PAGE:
See also: black and bläck

English edit

 
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Pronunciation edit

  • (file)

Etymology 1 edit

From Middle English blak (black). Also a variant of Blake, from Old English blāc (pale) and Blanc, from Old French blanc (white).

Proper noun edit

Black (countable and uncountable, plural Blacks)

  1. A surname transferred from the nickname.
  2. A number of places in the United States:
    1. A town in Geneva County, Alabama.
    2. An unincorporated community in Edwards County, Illinois.
    3. A township in Posey County, Indiana; from the surname.
    4. An unincorporated community in Reynolds County, Missouri.
    5. A township in Somerset County, Pennsylvania; from the surname.
    6. An unincorporated community in Mercer County and Wyoming County, West Virginia.
Derived terms edit
Statistics edit
  • According to the 2010 United States Census, Black is the 174th most common surname in the United States, belonging to 154,738 individuals. Black is most common among White (74.63%) and Black (19.00%) individuals.

Etymology 2 edit

Adjective edit

Black (not comparable)

  1. (chiefly Canada, US, often UK) Alternative letter-case form of black (of or relating to any of various ethnic groups having dark pigmentation of the skin)
    • 1973, Huey P. Newton, J. Herman Blake, Revolutionary Suicide, Harcourt Brace Jovanovich, →ISBN, page 3:
      It contained an article written by Lacy Banko summarizing the work of Dr. Herbert Hendin, who had done a comparative study on suicide among Black people in the major American cities. Dr. Hendin found that the suicide rate among Black men between the ages of nineteen and thirty-five had doubled in the past ten to fifteen years, surpassing the rate for whites in the same age range.
    • 1986, Chaya Shalom, “The only dyke from Israel”, in Off Our Backs, volume 16, number 8, →JSTOR, page 26:
      A group of Black women came in later but only observed from the sidelines.
    • 1999, Geoffrey K. Pullum, “African American Vernacular English Is Not Standard English with Mistakes”, in Rebecca S. Wheeler, editor, The Workings of Language, →ISBN, page 40:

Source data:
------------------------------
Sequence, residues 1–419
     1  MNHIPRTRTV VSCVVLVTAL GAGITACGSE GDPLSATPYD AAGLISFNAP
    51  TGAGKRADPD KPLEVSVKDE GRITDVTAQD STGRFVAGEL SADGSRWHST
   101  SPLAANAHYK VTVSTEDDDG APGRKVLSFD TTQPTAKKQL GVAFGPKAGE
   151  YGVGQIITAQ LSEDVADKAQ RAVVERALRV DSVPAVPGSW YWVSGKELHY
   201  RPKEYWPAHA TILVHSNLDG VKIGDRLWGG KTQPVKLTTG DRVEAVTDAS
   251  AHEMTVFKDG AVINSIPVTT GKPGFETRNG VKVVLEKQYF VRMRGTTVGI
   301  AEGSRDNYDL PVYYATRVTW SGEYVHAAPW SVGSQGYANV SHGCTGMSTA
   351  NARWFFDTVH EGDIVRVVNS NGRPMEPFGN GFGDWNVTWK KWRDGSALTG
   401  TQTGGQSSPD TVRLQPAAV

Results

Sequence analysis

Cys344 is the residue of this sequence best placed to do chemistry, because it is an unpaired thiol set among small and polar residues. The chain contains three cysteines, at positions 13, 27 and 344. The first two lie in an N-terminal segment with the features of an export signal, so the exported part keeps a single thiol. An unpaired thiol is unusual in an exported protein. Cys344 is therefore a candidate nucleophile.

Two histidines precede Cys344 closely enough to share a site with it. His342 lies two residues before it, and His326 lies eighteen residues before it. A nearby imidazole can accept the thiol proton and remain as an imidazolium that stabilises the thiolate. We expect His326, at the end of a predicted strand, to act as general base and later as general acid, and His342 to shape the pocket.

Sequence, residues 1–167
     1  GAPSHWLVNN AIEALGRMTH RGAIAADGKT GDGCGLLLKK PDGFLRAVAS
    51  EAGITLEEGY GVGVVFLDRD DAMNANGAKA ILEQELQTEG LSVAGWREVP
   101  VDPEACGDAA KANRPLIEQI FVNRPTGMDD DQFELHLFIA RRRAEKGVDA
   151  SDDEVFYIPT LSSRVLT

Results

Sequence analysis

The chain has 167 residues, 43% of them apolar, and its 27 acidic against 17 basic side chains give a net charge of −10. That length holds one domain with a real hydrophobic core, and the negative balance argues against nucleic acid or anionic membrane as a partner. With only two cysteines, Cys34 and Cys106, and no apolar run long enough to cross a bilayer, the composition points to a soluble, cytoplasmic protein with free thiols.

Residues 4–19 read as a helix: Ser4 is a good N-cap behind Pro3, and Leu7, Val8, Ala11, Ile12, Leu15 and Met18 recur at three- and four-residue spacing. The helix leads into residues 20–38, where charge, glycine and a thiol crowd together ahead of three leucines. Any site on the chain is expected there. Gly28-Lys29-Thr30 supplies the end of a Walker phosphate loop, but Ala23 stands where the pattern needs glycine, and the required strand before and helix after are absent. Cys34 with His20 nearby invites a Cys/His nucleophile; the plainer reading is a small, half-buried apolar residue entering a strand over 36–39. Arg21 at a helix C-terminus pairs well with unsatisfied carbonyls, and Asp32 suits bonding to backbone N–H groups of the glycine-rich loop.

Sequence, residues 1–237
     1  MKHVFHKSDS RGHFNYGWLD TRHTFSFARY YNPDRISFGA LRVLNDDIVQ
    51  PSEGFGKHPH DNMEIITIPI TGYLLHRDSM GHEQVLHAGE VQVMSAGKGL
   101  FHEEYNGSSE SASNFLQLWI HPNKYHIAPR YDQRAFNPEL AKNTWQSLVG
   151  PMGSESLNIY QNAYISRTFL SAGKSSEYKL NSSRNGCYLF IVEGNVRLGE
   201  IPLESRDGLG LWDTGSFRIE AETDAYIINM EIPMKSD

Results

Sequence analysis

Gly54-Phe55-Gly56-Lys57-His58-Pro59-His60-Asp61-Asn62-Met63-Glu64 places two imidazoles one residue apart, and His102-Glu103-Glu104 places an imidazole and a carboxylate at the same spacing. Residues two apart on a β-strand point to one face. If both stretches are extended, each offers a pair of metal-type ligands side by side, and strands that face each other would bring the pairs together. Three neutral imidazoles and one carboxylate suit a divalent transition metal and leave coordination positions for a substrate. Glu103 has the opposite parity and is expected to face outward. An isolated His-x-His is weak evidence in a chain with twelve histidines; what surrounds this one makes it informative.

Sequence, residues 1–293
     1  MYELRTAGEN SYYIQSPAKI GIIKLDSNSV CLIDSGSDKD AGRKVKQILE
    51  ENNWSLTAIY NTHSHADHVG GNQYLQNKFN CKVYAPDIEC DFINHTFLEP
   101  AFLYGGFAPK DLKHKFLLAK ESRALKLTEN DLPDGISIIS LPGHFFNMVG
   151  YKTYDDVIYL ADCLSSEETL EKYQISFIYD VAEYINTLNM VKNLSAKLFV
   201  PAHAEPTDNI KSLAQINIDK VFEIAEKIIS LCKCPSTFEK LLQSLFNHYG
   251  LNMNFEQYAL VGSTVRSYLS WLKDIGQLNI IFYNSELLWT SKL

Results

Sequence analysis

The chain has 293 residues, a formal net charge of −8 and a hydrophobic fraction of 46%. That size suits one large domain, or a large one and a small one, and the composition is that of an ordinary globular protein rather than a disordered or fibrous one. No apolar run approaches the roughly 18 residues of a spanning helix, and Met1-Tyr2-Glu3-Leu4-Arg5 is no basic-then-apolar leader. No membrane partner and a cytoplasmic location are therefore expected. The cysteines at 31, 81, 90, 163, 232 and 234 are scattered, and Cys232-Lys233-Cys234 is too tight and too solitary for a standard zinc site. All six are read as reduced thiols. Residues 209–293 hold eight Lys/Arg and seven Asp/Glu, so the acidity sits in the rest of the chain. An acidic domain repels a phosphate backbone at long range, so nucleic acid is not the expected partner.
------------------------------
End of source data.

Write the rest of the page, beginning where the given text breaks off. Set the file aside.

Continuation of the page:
Buried among the jargon of the announcement was a mention of a name for AAVE, suggested by a Black scholar in 1975[sic] but never adopted by linguists: Ebonics. That word, concocted from ebony (a color term from the name of a dark-colored wood) and phonics (the name of a method for teaching reading), was destined to attach to the board as if chiseled into a block of granite and hung round their necks.
    • 2020 May 31, “Violence, destruction mar Seattle protests over the death of George Floyd”, in The Seattle Times[1], page A1:
      Hundreds of Seattle protesters came together Saturday to voice the sadness and fury that has spread across the country over the death of George Floyd, a Black man who died after being pinned beneath the knee of a Minneapolis police officer for almost nine minutes.
    • For more quotations using this term, see Citations:Black.

Noun edit

Black (plural Blacks)

  1. Alternative letter-case form of black (person having dark pigmentation of the skin)

Usage notes edit

  • See usage notes at black regarding capitalization of the term.

French edit

Pronunciation edit

Noun edit

Black m or f by sense (plural Blacks)

  1. Alternative letter-case form of black

German Low German edit

Etymology edit

From Old Saxon *blak, from Proto-Germanic *blaką. Cognate with English black.

Pronunciation edit

Noun edit

Black n (no plural)

  1. ink

Synonyms edit

Derived terms edit